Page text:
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The Fomalhaut Triplet

October 18, 2013
Modern Persian Astrolabe  Astronomy flourished in the medieval Arabic world; and, for that reason, quite a few stars retain Arabic names. The more common ones are listed below, "more common" being the ones that are familiar to an armchair astronomer like me.

(Left, a modern Persian astrolabe from Wikimedia Commons. Astrolabes were common devices in the Islamic world, since they were used to find the Qibla; that is, the direction to Mecca.)

 AldebaranThe Follower of the Pleiades
 AlgolThe Ghoul
 AltairThe Flying Eagle
 BetelgeuseArmpit of the Central One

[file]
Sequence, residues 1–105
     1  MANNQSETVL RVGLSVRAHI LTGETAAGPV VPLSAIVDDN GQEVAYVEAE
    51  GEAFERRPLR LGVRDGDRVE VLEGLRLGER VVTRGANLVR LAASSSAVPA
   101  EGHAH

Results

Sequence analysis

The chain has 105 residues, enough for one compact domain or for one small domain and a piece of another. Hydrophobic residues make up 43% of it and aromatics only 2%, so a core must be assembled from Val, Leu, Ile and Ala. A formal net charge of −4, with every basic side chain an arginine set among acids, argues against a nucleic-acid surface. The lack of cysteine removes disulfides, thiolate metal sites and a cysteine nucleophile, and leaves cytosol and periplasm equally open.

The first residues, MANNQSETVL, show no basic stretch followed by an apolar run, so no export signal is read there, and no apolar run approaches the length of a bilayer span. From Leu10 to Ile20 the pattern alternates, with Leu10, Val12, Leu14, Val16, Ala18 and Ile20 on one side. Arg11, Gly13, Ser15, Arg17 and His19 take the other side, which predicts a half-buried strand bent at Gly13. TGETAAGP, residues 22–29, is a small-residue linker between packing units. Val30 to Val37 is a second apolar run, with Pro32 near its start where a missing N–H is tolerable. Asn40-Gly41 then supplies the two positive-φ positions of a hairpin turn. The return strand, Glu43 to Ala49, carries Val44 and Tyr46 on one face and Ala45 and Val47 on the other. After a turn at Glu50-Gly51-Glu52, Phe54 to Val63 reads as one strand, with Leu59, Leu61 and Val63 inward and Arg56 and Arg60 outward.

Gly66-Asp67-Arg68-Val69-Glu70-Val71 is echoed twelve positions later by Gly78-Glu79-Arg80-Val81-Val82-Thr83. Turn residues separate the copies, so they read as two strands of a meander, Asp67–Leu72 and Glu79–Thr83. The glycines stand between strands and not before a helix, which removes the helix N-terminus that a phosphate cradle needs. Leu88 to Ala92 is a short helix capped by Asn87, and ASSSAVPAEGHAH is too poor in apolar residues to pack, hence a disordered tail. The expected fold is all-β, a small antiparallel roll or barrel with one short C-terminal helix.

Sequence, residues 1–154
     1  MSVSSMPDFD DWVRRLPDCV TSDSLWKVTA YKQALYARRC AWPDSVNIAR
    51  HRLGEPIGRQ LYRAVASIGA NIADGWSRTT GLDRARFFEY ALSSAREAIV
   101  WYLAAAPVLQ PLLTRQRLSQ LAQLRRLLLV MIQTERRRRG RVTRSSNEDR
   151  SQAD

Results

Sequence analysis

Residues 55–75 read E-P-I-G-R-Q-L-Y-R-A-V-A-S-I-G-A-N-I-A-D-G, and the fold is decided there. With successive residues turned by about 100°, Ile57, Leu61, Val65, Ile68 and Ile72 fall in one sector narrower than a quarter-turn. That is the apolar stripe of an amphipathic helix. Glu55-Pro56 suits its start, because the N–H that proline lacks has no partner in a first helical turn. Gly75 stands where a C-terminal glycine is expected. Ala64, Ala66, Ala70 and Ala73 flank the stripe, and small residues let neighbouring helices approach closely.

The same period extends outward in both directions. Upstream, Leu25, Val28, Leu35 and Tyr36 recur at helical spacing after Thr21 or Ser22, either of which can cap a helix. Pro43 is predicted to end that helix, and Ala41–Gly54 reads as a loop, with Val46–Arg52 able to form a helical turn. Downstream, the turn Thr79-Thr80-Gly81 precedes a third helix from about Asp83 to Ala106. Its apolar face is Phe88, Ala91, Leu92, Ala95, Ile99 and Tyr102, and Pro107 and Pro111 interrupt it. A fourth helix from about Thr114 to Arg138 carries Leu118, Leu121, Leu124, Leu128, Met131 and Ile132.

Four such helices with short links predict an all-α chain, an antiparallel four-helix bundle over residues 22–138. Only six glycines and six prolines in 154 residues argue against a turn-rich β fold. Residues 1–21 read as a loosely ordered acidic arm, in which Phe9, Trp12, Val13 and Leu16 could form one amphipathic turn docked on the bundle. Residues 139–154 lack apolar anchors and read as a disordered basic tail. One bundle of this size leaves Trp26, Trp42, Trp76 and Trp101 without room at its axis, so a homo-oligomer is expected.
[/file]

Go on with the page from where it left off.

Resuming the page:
DenebTail of the Fowl
 FomalhautMouth of the Southern Fish
 RigelThe Foot
 VegaThe Stooping Eagle

Although Fomalhaut is a bright star with an apparent magnitude of -1.16, it's not often observed by amateur astronomers in the Northern Hemisphere because of its location on the celestial sphere. Fomalhaut is in the constellation, Piscis Austrinus, which, as its name ("the southern fish") indicates, is a southern constellation. Fomalhaut has a declination of −29° 37' 20.050", so it's very low in the southern skies of North America, and it can't be seen at all in some months of the year.

Recently, Fomalhaut, which is just 25 light years from Earth, has had considerable press. In 2008, it was the first star system for which an extrasolar planet, named Fomalhaut b, was imaged at visible wavelengths.[1-2] Now, it's been discovered that Fomalhaut, more precisely called Fomalhaut A since it's part of a binary star system with TW Piscis Austrini (Fomalhaut B), is actually part of a triple star system.[3-5]